Japan Regulator Casts Doubt on TEPCO Nuclear Plant Restart

Yomiuri Shimbun file photo
Tokyo Electric Power Co.’s Kashiwazaki-Kariwa nuclear power plant is seen in Niigata Prefecture.

Issues in the inspection of TEPCO’s Kashiwazaki-Kariwa nuclear power plant are making it difficult for the Nuclear Regulation Authority to approve its restart, the regulator said Wednesday.

Operations at the seven-reactor plant in Niigata Prefecture have been suspended due to deficiencies in Tokyo Electric Power Co.’s antiterrorism measures. A decision on whether to lift the ban on operations is set to be made by the end of May.

In the current situation, “it is quite difficult to lift the ban on operations,” said NRA Chairman Shinsuke Yamanaka at a press conference after the regulator held a meeting.

Prime Minister Fumio Kishida’s goal is to have the reactors restarted in order to have a stable power supply, as the nuclear plant provides electricity to Tokyo.

The Nos. 6 and 7 reactors at the plant have among the largest electricity output in the nation, each at 1,360 megawatts. In 2021, when these reactors were scheduled to be restarted after passing the NRA’s safety review, it was discovered that an employee had used someone else’s ID card to illegally enter the main control room.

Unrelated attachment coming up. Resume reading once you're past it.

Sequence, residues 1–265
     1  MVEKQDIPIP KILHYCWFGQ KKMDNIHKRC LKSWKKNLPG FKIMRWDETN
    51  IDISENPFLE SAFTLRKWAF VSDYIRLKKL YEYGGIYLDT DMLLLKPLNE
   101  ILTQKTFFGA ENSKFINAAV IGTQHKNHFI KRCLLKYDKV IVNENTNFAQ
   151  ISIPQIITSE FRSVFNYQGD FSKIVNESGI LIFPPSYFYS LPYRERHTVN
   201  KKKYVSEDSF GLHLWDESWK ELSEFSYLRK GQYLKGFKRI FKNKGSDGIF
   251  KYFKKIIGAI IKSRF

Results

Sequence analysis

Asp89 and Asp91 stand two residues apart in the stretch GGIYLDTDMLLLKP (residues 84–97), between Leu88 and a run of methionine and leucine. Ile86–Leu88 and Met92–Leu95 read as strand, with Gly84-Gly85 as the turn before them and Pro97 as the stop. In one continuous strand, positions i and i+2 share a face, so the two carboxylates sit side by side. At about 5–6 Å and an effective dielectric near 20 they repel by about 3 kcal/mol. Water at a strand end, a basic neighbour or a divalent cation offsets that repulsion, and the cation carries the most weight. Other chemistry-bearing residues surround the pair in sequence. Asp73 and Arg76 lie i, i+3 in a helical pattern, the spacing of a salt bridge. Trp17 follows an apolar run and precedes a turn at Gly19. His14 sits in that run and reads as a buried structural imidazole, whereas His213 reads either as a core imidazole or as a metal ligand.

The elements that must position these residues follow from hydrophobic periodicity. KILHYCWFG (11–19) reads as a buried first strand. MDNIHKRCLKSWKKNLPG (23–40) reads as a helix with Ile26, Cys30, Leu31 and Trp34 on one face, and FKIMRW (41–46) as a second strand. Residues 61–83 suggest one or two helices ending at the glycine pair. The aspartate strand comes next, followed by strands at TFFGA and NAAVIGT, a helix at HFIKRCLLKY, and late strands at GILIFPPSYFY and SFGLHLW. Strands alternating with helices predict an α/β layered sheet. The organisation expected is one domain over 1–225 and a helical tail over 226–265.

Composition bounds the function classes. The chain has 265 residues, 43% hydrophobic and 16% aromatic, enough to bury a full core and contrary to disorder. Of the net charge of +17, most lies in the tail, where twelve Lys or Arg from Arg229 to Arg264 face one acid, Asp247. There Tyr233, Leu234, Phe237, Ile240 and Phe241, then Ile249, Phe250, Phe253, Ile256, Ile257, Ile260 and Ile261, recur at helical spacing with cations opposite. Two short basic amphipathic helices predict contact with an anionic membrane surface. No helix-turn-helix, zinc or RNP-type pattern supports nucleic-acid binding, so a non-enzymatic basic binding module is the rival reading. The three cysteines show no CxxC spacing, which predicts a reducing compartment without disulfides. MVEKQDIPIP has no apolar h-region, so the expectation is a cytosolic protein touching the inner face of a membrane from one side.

It was also found that a number of intrusion detection systems had failed, but that no adequate countermeasures had been put in place.

The NRA then issued a de facto ban on the operation of the Kashiwazaki-Kariwa plant in April that year.

Lifting the ban is a prerequisite for restarting the plant, and the NRA had indicated that it would complete additional inspections as early as this spring.

Of the additional 27 areas for inspection to prevent recurrences, TEPCO has not made sufficient improvements in six of these, including the intrusion detection system and internal awareness of the importance of protecting nuclear materials.

The NRA noted that the number of false alarms, in which detectors went off due to wind, snow or other factors, has not decreased, and that TEPCO has not become an organization that can accurately identify signs of deterioration in the protection of nuclear materials.

Yamanaka, who inspected the plant in January, reportedly said at an NRA meeting: “There has been little improvement in the past month or so. The situation is quite serious.”

During the press conference, Yamanaka said the six items to be checked in the future will include both tangible items and intangible elements. He said that it will take time for the plant to be improved.

“This is not something that can be done in a month or two,” he said, casting doubt on the ban being lifted in May.